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Facilities: Building Acquisition and Construction Projects

A typical capital campaign supporting a bricks-and-mortar building project is a familiar scenario. Such an endeavor is a huge commitment for a small or midsize organization and should be undertaken only after a great deal of preparation. An organizational self-examination to ensure that the staff and board infrastructure can sustain the additional workload and fundraising effort is highly advised, in addition to a thorough feasibility study to ensure that the community can, and is willing to, support the endeavor. It will be necessary to create a multi-year budget for the project projecting sources and uses of funds and timing, and a capital campaign plan to raise the required resources. In the case of a new or expanded building, a multi-year business plan reflecting the financial impact of operating in the increased space will need to be developed.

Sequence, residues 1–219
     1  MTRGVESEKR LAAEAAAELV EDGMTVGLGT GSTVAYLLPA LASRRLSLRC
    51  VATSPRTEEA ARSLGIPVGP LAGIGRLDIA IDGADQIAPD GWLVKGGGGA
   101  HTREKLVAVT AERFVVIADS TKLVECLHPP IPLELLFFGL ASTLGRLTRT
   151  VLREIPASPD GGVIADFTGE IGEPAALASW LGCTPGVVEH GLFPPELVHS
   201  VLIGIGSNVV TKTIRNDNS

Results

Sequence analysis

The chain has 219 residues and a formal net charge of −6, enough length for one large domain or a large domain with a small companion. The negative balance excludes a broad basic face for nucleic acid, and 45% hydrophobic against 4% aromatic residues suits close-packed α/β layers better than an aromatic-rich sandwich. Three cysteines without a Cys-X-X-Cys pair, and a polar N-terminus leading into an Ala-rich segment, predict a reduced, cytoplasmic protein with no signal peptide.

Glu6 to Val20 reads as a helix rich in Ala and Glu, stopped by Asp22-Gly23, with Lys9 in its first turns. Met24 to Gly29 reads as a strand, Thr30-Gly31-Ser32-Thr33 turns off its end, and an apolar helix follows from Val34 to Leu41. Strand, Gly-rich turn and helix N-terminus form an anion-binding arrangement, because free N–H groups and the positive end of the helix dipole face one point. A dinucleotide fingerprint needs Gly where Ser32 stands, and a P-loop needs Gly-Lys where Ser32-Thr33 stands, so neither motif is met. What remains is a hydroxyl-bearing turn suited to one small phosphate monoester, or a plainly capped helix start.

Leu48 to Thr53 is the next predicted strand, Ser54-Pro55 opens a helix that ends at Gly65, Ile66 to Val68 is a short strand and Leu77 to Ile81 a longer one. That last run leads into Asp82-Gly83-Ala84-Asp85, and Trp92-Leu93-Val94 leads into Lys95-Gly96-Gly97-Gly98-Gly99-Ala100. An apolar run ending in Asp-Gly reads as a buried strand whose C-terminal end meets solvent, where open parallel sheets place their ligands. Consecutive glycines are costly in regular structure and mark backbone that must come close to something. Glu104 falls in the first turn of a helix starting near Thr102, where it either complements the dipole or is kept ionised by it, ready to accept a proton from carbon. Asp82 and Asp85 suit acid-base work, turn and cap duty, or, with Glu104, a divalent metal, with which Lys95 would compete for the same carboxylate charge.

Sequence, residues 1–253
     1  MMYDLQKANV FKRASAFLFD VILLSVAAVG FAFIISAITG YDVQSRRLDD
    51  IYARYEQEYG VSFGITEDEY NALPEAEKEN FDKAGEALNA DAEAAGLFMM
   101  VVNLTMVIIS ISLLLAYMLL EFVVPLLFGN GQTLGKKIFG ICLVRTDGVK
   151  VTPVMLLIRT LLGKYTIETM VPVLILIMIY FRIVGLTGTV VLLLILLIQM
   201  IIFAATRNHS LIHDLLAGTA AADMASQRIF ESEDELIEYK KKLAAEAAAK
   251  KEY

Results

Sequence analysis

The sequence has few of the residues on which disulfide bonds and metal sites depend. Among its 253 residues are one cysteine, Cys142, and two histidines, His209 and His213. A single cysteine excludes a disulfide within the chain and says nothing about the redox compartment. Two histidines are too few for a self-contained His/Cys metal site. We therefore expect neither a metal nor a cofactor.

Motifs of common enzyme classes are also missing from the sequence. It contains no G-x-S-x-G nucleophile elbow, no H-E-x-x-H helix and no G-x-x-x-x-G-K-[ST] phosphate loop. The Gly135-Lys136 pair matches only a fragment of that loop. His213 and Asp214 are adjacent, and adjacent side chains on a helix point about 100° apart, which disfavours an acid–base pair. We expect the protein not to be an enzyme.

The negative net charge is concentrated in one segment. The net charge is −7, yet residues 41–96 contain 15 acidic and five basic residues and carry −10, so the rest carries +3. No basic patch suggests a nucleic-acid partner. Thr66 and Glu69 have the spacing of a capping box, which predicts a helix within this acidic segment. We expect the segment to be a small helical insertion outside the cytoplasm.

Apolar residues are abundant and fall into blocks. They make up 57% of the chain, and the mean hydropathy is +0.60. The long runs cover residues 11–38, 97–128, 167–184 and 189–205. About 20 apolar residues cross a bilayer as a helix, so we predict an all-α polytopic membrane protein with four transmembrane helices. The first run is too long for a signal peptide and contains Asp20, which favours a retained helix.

Many organizations find themselves operating in the red for the first one to three years after implementing a facility project, and they may also find themselves in debt for construction costs that were in excess of capital campaign revenue, rendering the organization financially fragile just when it needs to be strongest. Years of very careful planning, research on financing options, and a great deal of caution are advised.

The Nonprofit Finance Fund offers a Facility Project Planning Guide that describes what a facility project is, and what factors to consider in deciding to embark on one, as well as outlining the dangers and pitfalls of doing so. The impact of a facility project on small and midsize organizations cannot be underestimated.

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